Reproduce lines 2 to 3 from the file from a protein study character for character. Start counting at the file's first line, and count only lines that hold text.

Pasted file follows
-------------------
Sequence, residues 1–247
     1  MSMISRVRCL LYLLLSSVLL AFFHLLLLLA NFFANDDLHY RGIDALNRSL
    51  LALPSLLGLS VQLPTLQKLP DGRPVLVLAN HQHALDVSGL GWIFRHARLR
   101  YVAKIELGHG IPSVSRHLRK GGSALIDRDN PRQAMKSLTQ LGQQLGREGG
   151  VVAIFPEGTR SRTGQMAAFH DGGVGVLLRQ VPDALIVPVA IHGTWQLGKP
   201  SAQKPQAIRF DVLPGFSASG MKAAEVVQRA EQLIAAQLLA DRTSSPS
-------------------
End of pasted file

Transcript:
     1  MSMISRVRCL LYLLLSSVLL AFFHLLLLLA NFFANDDLHY RGIDALNRSL
    51  LALPSLLGLS VQLPTLQKLP DGRPVLVLAN HQHALDVSGL GWIFRHARLR